By the way the girls are dressed they may have been attending Sunday School at the First Congregational church that was directly behind the Vermilion News Print Shop where the photo was taken. While neither the shop nor the church is in the pic the house in the photo is the one still located next to the shop. And the Town Hall and shelter for horses is also visible behind the house.

I like the lady passing by on the sidewalk behind the car whomever she might have been. This is really and truly a nice photograph of Vermilion in the yesteryear.

"The township was named after the principle river
emptying into the lake through its territory..."

THE FIRE-LANDS: I found the following information re: the early inhabitants of our area to be extremely informative. Methinks you will also.

I am getting better at transcribing these passages so there are fewer mistakes. But I like to read as I go - and sometimes I fill in the blanks. So tread carefully this trail through yesteryear.

The following series will take thee to the townships south of Vermilion. Methinks you'll find this history quite fascinating.

THE PIONEERS.

RUGGLES.

Reuben K. married Fanny Curtiss. Children: George, Columbus, William. Irena. Miles and Mary.

Harriet Z. married Rollin A. Curtis. Children: Charles (dead), Horace, Frederica. Fanny and Harriet,

Cordelia M. married Isaac Cowell. Children: Burton, Daniel, Lorinda, Betsey, Jane, Norah and William. His son, Daniel, died young.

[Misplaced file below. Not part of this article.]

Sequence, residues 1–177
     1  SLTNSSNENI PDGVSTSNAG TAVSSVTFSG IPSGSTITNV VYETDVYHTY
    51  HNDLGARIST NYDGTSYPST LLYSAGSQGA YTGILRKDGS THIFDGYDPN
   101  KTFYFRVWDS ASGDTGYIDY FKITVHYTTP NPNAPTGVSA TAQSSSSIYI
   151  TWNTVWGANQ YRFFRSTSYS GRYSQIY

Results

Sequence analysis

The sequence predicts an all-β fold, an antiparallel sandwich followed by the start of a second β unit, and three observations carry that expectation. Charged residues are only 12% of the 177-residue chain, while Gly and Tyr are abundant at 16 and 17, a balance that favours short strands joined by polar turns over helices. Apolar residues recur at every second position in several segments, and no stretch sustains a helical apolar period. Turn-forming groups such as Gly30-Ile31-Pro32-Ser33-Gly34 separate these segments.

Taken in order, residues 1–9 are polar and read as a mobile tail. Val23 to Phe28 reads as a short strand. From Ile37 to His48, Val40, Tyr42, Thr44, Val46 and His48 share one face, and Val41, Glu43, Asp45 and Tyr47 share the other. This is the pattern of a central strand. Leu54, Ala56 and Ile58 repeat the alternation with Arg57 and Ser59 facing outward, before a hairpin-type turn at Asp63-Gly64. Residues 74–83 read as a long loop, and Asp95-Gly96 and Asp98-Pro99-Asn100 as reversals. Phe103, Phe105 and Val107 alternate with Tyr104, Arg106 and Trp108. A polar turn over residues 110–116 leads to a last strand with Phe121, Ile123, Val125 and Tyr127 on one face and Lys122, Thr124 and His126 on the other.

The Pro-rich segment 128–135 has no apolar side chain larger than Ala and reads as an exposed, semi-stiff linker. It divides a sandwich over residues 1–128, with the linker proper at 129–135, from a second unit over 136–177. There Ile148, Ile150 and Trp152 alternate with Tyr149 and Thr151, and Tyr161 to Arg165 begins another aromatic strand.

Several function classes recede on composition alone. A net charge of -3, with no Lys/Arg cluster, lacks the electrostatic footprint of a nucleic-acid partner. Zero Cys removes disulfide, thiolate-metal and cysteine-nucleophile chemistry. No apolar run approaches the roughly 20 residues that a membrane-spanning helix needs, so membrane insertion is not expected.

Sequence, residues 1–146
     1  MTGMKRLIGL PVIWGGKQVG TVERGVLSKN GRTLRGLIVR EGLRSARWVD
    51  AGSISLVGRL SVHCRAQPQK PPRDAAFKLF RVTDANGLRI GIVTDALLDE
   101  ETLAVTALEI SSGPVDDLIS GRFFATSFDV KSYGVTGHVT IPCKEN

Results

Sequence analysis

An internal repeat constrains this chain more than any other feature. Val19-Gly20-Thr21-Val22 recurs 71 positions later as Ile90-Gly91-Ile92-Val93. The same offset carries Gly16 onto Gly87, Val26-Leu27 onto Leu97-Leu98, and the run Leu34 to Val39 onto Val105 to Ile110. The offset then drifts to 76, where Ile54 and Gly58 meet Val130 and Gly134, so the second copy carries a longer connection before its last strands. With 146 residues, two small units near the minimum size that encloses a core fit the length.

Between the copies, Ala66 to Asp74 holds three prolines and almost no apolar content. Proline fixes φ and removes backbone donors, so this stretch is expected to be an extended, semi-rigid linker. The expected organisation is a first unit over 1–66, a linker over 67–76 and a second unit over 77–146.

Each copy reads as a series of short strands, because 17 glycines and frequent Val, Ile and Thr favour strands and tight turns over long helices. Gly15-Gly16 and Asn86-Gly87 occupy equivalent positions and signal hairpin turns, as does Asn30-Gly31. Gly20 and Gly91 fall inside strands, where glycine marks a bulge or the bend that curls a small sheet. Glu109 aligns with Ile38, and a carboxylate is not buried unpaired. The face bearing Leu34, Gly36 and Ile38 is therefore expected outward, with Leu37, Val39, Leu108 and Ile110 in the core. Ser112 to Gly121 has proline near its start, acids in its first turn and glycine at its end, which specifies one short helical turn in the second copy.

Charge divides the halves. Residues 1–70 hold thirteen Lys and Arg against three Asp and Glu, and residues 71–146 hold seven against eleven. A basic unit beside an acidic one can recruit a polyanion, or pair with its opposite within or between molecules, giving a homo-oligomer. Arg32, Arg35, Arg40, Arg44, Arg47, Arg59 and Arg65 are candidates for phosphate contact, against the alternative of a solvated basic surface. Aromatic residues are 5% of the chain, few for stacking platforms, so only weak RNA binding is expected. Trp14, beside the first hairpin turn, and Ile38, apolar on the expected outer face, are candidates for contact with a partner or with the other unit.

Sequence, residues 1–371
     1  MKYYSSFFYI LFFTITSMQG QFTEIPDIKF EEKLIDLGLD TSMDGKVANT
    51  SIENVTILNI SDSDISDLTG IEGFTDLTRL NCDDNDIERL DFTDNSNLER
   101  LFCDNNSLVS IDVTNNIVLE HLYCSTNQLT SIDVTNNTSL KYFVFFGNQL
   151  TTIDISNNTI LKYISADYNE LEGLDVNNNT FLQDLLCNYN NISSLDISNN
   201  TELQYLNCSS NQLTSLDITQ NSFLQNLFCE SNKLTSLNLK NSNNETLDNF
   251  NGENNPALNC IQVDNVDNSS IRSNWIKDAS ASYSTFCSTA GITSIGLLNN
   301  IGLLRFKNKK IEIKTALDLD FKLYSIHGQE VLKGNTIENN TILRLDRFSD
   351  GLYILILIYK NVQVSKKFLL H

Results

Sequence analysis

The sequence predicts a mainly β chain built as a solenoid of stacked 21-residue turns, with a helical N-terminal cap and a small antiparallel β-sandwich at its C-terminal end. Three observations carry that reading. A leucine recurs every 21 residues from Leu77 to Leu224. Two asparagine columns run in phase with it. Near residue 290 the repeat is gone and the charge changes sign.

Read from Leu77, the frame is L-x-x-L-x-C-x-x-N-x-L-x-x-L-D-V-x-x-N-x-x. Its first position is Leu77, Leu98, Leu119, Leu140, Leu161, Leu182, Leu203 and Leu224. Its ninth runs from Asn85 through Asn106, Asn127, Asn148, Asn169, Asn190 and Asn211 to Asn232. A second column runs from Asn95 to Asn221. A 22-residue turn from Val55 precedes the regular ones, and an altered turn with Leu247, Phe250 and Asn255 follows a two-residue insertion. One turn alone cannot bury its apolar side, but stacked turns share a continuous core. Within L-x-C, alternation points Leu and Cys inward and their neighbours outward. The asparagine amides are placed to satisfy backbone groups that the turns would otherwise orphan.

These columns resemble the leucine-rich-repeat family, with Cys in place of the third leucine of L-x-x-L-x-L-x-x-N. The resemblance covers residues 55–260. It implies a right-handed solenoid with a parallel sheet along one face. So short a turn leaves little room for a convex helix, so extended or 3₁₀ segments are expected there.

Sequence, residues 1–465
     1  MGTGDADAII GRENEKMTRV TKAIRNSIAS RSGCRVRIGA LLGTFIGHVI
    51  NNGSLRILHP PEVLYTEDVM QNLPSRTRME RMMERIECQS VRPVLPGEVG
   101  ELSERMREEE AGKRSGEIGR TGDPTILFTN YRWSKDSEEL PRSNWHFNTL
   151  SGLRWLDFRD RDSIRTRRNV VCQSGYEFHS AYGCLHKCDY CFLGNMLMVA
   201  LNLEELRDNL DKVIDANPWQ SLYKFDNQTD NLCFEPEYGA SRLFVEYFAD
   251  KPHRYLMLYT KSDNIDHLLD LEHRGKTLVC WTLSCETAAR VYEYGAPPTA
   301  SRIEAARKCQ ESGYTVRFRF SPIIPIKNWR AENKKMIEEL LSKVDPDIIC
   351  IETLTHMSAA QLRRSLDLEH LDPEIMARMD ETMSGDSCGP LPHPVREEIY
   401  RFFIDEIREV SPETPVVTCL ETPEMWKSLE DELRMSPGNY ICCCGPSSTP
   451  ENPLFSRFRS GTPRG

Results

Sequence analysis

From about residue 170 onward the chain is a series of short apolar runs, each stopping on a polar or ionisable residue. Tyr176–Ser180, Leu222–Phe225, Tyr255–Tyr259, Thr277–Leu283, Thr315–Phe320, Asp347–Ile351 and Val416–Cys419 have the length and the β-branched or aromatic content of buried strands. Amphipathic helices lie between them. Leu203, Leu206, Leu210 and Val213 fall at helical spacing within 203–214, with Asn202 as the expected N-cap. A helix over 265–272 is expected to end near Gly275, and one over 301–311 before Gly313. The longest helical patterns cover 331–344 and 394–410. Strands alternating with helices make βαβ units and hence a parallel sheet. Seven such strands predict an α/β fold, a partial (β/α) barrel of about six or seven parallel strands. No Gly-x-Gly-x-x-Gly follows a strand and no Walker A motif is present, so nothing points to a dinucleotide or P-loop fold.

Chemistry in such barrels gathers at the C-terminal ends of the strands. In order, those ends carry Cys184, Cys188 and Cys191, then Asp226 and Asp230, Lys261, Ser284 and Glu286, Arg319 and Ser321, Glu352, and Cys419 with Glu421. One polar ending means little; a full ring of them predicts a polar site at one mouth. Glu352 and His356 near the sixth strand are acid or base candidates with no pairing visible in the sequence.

Wakeman J. married Phobe Ann Washburn. Children: Diora, Wanda, and Mary Alice. Bradford Sturdevant was the second pioneer settler of Ruggles, coming into the township in August, 1833. Ms. S. was born in Warren, Connecticut, March 16, 1786, and was united in marriage to Sarah Carter, January 1, 1809. He removed to Summit county, Ohio, in 1816, where he lived until his removal to Ruggles. He built a log house on his purchase, two miles west of the center, and in September brought thither his family, consisting of his wife and five children. He came with ox teams, bringing with him twelve head of cattle and twenty sheep. The following January he returned to Summit county, and brought back with him a drove of a dozen hogs, making the journey in one week, without assistance. Mr. Sturtevant built the first framed building in the township. This was his house, and was twenty-one feet square, and is still standing. In 1836 he took up a temporary residence in Milan, Erie county, whither he removed so as to educate his children. He returned to his Ruggles home in 1844. Mr. Sturdevant was one of the sterling men of Ruggles,— his life an exemplary one. He lived and died universally esteemed and beloved by all who knew him. His children were: 1, Carleton H., who married Lydia Peck, and died November 27, 1848; to them were born six children. 2, Morcia, who married B. Ashley, of Milan; to them were born seven children: 3, Harriet, who died while attending school at Hudson, Ohio; 4, Sarah, who married Dr. Galpin, of Milan, and is now dead. 5. Isaac, who married Adelaide Carter, and to them were born three children; William C, James Wilson and Mary L. 6, Martha, who was born May 17, 1825, and was the first female child born in the township. She married Horace Taylor, at one time a missionary in Southern India. They had four children. Of these, William B. married Anna Wolcoltt they had four children.